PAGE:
What I’m Selling: Efficient-Market Hypothesis

The other day I got to thinking about the Efficient-Market Hypothesis (EMH). EMH is the idea that the stock market is “informationally efficient,” meaning that a stock is always accurately valued at any given time based on the information that is publicly available about the stock at that time. In other words, day-to-day changes in share price are simply due to changes in information available to the market.

I do not subscribe to this theory, and neither should any other stock trader. Here’s why: if you believe EMH is true, there’s no point in trading stocks. According to EMH, there’s no such thing as an “under-priced” stock, and the smartest, hardest-working investment banker at Goldman Sachs has no trading advantage whatsoever over your doofus cousin who once tried to make “Super Deodorant” out of after-shave, cologne, a bar of soap, and a pack of Doublemint gum. It’s pointless. If EMH is true, every stock is accurately priced at all times.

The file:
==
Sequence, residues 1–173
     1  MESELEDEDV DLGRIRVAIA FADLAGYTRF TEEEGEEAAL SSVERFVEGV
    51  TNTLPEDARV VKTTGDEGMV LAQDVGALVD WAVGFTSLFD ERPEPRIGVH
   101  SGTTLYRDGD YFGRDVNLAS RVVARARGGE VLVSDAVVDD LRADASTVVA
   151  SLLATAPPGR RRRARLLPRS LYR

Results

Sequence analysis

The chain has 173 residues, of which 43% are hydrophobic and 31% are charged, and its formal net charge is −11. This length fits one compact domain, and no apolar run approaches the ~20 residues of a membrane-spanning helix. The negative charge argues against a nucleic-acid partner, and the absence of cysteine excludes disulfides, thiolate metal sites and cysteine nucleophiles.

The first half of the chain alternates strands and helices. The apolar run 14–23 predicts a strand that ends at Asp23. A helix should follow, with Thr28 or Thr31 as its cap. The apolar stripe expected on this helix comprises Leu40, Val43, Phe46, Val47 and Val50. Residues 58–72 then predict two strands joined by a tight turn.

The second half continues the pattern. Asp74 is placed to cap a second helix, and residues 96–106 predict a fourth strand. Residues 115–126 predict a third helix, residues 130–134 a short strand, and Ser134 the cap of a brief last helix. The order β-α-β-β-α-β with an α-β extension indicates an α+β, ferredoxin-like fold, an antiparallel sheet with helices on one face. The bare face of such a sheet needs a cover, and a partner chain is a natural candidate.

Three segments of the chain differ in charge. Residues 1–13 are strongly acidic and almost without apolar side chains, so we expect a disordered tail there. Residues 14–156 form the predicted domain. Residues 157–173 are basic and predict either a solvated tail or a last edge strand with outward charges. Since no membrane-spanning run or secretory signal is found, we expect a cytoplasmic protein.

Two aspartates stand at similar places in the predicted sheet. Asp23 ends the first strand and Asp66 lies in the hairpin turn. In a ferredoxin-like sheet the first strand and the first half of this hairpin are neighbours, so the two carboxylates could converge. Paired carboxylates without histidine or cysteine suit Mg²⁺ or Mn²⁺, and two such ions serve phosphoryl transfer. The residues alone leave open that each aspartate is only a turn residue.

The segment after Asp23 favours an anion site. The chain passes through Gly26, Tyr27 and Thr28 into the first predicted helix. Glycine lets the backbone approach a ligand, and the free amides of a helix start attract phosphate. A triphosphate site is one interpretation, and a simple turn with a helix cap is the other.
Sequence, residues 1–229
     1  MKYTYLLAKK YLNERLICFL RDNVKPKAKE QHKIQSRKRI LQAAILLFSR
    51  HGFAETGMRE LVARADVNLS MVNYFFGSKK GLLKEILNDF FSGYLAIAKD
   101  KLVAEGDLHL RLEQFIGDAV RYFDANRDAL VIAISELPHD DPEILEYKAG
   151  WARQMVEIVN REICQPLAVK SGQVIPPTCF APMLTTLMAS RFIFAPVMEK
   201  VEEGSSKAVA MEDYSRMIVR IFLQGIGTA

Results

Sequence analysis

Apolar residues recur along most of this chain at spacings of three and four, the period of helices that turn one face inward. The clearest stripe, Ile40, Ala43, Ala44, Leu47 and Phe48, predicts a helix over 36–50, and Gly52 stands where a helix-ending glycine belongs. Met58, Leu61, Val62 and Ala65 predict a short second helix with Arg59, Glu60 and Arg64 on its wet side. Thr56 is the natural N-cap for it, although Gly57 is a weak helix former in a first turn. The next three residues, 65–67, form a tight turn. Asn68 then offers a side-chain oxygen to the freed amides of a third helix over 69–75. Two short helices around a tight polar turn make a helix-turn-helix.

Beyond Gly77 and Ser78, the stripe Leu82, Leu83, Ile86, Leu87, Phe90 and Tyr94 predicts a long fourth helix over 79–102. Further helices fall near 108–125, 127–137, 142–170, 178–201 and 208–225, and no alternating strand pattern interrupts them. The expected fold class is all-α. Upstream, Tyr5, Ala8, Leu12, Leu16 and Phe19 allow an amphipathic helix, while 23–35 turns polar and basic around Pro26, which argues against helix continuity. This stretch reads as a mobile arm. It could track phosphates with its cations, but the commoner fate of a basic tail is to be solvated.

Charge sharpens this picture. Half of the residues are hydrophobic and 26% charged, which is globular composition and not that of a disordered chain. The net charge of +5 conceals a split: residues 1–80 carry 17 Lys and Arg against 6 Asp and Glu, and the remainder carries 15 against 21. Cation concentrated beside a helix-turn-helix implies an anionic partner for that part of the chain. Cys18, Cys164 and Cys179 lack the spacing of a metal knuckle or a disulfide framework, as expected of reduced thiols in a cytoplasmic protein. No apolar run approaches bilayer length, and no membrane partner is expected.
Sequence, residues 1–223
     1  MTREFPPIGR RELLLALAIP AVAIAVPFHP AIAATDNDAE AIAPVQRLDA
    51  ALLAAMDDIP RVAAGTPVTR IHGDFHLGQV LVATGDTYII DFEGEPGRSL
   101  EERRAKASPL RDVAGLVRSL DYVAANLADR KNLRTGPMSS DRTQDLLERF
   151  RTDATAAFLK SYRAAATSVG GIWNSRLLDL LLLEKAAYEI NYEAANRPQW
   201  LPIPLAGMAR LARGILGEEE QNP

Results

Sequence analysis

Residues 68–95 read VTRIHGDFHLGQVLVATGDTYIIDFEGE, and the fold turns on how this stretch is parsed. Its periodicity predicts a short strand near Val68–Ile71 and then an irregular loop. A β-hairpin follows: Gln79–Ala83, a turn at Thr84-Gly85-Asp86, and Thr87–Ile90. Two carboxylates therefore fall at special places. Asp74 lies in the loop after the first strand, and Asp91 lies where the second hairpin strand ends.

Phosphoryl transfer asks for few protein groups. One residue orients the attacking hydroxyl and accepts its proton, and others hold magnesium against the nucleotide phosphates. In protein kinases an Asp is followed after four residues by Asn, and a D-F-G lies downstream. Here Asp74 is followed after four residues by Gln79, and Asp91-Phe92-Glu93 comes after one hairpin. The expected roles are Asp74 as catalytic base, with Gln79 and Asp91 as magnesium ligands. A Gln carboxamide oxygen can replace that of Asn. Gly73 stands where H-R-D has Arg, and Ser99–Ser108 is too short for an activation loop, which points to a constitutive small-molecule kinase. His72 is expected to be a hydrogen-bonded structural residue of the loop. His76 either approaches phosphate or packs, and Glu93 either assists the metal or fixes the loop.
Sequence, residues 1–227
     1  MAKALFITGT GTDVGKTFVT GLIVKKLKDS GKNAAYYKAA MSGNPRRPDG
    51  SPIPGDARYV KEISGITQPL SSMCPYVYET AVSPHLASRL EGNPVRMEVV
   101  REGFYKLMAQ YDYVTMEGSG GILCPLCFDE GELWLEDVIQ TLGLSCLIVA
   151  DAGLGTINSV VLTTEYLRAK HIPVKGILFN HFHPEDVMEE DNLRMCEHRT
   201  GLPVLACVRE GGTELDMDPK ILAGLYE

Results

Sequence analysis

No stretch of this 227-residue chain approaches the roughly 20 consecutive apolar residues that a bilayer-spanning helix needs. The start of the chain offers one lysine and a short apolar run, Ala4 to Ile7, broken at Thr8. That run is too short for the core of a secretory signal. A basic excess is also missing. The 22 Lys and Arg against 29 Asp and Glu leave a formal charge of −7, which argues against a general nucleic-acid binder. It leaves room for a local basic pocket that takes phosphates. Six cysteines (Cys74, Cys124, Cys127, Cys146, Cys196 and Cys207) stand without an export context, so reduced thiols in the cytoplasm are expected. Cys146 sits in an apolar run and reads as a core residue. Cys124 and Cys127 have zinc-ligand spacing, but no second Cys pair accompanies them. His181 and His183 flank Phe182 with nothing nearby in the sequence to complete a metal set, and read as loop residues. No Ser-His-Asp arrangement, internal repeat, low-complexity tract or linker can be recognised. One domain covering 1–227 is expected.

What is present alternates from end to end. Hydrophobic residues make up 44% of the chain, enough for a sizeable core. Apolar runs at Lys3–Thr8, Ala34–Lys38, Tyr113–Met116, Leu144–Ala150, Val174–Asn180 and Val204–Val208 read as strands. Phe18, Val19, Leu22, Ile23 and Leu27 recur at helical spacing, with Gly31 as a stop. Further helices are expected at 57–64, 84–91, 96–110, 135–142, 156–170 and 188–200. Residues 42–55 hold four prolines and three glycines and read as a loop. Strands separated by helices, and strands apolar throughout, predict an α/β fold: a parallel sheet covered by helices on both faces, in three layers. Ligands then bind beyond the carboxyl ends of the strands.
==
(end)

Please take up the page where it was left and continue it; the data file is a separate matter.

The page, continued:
But what would EMH defenders say about my market out-performance over the five years I’ve been trading stocks? What would they say about the fact that I have consistently bought stocks that have subsequently risen in price? If those stocks weren’t under-priced at the time I bought them, how did I get all this money in my trading account??? According to EMH, those stocks were not under-priced when I bought them. My valuations were simply incorrect. When I bought Apple at a split-adjusted $70 in 2013, it was apparently not cheap. Neither was Pfizer when I bought it at $14.20 in 2009. Neither was Alcoa at  $7.66, General Electric at $11.15, Dupont at $23.07 or AT&T at $24.47. According to EMH , I just under-appreciated the risk facing all of these companies at the time. And here I was naively thinking that these were all wonderful companies that simply got temporarily dragged down with the rest of the market during a recession. Boy was I lucky…